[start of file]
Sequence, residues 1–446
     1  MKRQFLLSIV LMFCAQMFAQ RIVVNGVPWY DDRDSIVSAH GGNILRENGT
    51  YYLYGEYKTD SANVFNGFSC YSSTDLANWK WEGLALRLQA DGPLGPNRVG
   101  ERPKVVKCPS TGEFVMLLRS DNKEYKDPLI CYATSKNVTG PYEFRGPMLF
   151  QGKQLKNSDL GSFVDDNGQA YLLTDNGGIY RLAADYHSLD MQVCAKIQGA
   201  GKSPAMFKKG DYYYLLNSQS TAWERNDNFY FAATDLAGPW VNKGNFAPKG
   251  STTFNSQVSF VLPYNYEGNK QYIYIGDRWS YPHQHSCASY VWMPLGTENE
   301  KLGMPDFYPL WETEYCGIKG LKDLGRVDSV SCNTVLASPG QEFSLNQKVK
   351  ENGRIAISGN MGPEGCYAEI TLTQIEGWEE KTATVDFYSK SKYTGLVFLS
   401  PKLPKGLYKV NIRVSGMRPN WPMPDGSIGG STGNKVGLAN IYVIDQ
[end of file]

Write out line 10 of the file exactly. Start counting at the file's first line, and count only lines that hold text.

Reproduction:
   401  PKLPKGLYKV NIRVSGMRPN WPMPDGSIGG STGNKVGLAN IYVIDQ